These Are Not Your Stories

I was at a shaman workshop last weekend, and the concept of “the stories of our life” came up.

This makes a lot more sense than merely the singular “story of our life.”

Our lives are a multitude of layers, thousands of experiences, all layered upon each other, all combining together to make the gloriousness that is us!


So, first thing to do is recognise these stories for what they are. How do we find them? Easy, just switch off your thinking brain, & start writing!

Eg, for me, they’d go something like:

  • I was born in Australa (that’s a story)
  • We moved around a lot when I was a kid (another story)
  • I grew up in a lower-middle class family

and so on..

The critical thing here is this – when we think about identity, ourselves, who we are, it’s these stories that define us. These are the things that we tell ourselves over & over each day, in the back of our minds.

And that’s exactly the problem.

The more we tell ourselves these stories, the more they define us.

You get in a troubled relationship, make the mistake of extrapolating a bit too much, & start telling yourself “I always fall for the wrong guy/gal”, and hey presto, you’re going to start doing that in your life. These are self fulfilling prophecies.

Imagine having a guy who followed you around all day, whispering in your ear “you suck!” or “you’re a failure!”. How long do you think before your life really did start sucking? (or, perhaps a better move, you punched him out).

The problem is, this is exactly what our mind is doing to us. It’s why shamans deliberately let go of their stories as part of their training. Why buddhists learn to detach themselves from their egos. It’s all the same thing.

Now, that’s a pretty big goal, so what’s a good first step?

Well, how about realising that a whole bunch of these stories aren’t even ours?

90% of what happened before I left home? Those aren’t my stories.

Anything I didn’t directly choose, or was just something I was told? Those aren’t my stories.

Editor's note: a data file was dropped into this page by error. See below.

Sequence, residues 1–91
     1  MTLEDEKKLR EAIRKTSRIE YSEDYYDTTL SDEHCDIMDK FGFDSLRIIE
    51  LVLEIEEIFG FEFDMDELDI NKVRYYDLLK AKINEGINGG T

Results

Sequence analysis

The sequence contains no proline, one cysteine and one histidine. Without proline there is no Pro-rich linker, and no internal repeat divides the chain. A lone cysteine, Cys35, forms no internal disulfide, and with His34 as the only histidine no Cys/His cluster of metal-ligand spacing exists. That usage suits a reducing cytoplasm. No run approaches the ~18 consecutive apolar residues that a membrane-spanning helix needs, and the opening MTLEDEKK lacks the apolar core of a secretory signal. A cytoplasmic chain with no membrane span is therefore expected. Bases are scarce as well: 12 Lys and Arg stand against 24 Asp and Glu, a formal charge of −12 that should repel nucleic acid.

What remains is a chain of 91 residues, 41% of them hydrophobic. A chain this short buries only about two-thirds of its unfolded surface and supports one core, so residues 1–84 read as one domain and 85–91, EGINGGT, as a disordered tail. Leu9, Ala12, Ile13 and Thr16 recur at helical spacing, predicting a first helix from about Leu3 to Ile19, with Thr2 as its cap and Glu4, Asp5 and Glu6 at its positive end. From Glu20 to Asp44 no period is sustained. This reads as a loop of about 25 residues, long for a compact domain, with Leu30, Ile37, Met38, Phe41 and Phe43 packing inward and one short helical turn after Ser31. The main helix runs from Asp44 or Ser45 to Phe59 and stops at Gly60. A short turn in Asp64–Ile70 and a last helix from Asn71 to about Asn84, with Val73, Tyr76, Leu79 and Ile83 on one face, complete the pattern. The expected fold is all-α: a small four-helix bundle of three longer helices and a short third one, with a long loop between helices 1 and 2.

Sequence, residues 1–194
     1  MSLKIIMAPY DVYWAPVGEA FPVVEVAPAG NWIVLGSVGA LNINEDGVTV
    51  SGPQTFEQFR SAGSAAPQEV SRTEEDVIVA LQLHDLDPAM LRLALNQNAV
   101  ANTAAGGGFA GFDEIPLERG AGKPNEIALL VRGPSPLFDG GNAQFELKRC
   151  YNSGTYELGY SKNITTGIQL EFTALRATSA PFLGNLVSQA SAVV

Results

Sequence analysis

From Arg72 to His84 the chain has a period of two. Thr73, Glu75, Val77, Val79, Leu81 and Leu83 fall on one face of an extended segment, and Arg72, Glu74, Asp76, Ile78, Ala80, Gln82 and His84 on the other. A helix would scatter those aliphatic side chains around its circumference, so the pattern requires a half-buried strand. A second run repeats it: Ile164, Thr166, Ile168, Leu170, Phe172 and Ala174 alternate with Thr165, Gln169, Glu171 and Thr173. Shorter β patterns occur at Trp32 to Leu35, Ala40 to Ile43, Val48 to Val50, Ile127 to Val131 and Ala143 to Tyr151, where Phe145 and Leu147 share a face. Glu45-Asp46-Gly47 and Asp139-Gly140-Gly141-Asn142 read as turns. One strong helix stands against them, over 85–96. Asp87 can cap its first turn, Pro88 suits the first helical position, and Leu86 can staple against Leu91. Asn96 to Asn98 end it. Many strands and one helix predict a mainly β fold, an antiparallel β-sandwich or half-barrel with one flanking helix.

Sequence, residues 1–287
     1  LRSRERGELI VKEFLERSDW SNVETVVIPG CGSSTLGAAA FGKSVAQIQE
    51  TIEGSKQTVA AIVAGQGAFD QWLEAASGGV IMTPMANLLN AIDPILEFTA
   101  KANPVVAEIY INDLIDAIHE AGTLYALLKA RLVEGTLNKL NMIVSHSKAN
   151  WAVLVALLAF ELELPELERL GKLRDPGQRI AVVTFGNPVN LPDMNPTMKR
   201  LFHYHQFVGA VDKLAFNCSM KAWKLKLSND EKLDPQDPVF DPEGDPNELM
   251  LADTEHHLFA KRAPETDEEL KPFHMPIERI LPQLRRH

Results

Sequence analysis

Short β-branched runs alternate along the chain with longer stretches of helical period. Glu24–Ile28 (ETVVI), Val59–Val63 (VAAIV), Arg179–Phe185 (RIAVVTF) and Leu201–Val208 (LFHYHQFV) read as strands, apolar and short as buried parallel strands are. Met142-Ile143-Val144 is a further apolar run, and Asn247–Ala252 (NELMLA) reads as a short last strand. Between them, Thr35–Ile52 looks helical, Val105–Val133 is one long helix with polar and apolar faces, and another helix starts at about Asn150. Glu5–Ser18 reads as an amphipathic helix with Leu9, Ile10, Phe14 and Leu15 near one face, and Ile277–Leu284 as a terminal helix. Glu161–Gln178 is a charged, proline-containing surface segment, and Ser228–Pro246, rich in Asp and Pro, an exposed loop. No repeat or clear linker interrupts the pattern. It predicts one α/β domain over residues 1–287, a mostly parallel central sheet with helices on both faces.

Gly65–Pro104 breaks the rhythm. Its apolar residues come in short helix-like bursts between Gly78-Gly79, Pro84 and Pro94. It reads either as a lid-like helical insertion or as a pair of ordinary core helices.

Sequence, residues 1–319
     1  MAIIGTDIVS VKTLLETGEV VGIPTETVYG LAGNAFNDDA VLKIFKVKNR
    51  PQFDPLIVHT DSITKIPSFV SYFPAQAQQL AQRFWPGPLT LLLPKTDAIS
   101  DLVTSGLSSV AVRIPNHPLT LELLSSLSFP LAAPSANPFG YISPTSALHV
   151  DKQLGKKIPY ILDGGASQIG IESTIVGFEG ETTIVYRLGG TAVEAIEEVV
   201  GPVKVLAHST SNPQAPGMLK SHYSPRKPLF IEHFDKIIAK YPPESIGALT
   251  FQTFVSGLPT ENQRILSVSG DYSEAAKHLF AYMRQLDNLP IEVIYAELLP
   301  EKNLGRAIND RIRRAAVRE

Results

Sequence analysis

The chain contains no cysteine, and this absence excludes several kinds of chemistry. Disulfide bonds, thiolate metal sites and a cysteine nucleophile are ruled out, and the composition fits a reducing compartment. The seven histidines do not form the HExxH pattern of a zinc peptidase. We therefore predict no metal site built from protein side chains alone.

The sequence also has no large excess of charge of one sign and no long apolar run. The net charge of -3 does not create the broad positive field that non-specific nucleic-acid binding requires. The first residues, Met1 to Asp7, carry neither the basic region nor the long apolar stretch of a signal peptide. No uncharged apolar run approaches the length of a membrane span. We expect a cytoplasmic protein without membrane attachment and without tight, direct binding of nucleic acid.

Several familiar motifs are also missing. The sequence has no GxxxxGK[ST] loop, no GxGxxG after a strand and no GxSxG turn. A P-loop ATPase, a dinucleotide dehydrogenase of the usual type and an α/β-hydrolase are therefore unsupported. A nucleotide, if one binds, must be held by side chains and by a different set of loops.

I didn’t choose to move around as a child. I didn’t choose where to live, how much money the family had, & so on. These were my parents’ decisions. Sure, they affected me at the time, but they’re only my stories if I choose to make them so. They only continue to affect me if I choose to make them part of the collection of stories I tell myself.

Even just changing the focus can help enormously. “I’m from a lower-middle class family” to “I had lower-middle class parents” or “My parents were lower-middle class.” At each step removed it’s less & less self-defining, so the story has less power. If you want to keep it at all.

Ditto with relationships. How many relationships have you been in where this person, that you chose, respected & loved has told you something terrible about yourself? You’re a terrible lover, useless in business, embarrassing to be seen with, and so on.

Why are you choosing to continue telling yourself that story? (“I’m embarrassing to be seen with”). It’s not your story, it’s just their opinion, their story.

We have the choice, we always have the choice not to continue telling ourselves these stories.

Realising that we have these stories is an important first step.
Identifying which ones we can let go of is enormously empowering.
An easy first step is to chuck out all the ones we have that were never ours to begin with.
When we can finally release them all, then we’re well on the way to being truly free to live.